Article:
I'd please you first look at the wheel in the book:
And then look at my tatting:
So I beg you don't be silent because I need your opinion.
I'd like you help me to understand, why the old picture shows those very long picots in the centre? How they can work without cupping the wheel? What do you think? Have you ever tried this one? Can the joining picots between large rings play a role? (maybe they should have been very long picots, too)
Changing the length of a bare thread or picots is like changing the number of ds in a chain, it seems affecting the whole pattern... Moreover, there's the tension of the bare thread, that changes if stretched.
I loved the journey of Jane through the book of Teiko Fujito. Read about it in her blog:
Pattern is the following:
- Start the centre ring leaving a tail from the shuttle, about 12cm (5in) of thread: 2-2-2-2-2-2-2-2-2-2-2-2 (11 picots) - I'm purposely not saying the length of picots.
- leave a mock picot then tat a split ring with the shuttle and the tail: 6ds/6ds
- leave a bare thread - 1/8" - then tat a "large" ring: 4-2-2-2-2-2-2-4 (7 picots);
A)- leave a bare thread then tat a "small" ring 6+6, joining to the next picot of the centre ring
B)- leave a bare thread 1/8" then tat another "large" ring, 4+2-2-2-2-2-2-4, joining the last picot of previous large ring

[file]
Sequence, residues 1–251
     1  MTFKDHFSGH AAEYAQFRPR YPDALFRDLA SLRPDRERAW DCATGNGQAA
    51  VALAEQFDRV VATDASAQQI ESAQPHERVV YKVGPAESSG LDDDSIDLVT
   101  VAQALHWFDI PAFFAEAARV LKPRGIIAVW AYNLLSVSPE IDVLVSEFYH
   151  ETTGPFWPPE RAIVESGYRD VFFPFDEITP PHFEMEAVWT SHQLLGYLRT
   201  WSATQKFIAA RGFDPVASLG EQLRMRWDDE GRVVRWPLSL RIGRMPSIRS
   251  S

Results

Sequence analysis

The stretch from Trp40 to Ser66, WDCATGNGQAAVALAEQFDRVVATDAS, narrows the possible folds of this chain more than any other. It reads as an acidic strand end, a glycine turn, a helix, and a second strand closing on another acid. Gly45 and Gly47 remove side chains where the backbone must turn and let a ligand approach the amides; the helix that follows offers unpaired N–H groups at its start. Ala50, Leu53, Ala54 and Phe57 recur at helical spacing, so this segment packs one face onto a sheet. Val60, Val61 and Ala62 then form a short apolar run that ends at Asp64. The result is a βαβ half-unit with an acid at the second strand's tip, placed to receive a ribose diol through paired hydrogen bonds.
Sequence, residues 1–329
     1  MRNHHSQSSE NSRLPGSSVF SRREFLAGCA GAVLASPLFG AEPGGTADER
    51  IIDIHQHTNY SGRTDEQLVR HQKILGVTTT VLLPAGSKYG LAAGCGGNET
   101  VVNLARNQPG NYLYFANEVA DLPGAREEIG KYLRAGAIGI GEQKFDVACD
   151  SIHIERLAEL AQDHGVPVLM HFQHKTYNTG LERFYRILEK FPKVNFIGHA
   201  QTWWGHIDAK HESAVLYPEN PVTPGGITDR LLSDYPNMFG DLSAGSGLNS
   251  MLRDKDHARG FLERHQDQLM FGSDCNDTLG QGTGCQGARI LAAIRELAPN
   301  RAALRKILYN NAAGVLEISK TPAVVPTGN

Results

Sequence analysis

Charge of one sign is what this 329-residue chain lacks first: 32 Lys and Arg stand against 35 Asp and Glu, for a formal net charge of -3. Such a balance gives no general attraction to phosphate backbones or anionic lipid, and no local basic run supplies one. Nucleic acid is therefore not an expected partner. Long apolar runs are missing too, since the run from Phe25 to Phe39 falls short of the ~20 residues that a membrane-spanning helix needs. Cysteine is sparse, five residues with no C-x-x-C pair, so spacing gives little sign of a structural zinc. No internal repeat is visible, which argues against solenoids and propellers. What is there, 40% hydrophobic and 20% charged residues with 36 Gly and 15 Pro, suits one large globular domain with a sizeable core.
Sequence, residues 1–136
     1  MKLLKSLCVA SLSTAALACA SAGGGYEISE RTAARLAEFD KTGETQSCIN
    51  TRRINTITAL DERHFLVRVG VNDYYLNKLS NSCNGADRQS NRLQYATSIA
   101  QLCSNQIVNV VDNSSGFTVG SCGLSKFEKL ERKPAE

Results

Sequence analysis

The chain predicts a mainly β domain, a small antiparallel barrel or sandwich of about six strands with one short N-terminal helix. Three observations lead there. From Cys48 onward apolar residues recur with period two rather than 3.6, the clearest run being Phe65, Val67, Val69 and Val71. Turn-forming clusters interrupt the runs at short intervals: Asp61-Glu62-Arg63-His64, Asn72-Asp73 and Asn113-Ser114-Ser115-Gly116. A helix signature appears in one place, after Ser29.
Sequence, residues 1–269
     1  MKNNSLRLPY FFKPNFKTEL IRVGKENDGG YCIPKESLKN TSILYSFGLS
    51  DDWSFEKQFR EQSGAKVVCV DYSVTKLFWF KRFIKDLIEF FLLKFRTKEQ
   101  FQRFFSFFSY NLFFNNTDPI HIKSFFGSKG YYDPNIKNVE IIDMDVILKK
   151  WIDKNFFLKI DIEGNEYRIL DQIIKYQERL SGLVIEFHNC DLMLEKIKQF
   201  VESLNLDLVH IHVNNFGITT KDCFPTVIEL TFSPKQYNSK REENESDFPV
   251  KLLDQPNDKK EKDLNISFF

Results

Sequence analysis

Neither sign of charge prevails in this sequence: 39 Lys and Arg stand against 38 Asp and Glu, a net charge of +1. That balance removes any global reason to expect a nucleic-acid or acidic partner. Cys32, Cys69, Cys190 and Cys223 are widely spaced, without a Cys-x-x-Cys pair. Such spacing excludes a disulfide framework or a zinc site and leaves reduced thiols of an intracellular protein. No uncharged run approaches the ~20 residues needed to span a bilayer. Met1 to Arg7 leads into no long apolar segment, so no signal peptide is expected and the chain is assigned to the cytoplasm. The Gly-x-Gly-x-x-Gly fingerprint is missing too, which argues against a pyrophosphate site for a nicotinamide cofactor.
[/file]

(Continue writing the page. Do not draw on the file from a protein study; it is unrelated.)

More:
- alternate small and large rings, repeating A) and B) for 10 times but for the last large ring:
- last large ring: 4+2-2-2-2-2-2+4, joining the last picot of previous large ring and the first picot of the first large ring.
The tail left at the beginning must be hidden inside the last large ring.
Important note: the edging in the book was tatted with size 80 thread and it is written "leave 1/4 inch of bare thread" between rings around, but nothing about picots' length.
That wheel - I hope - is the first for the edging I'd like tatting, with dmc white size 100 thread.
The only difference with the wheel in fig. 30, page 12, that I tatted last year, it is that those large rings have 6 picots instead of 7.
Changing the subject...
Updates for the doily with curled rings and wide picots: it got a name! I choose "falbalà", because all those picots look like a frilled skirt. Falbalà is an Italian word, with uncertain etymology, maybe from French, it means a strip of ruffled fabric put in the bottom of old dresses, it also means volant or ruffles. But actually, a word not so used nowadays!
Γειά σας (Ya sas)
( http://www.cyprus.com/useful-phrases-in-greek.html )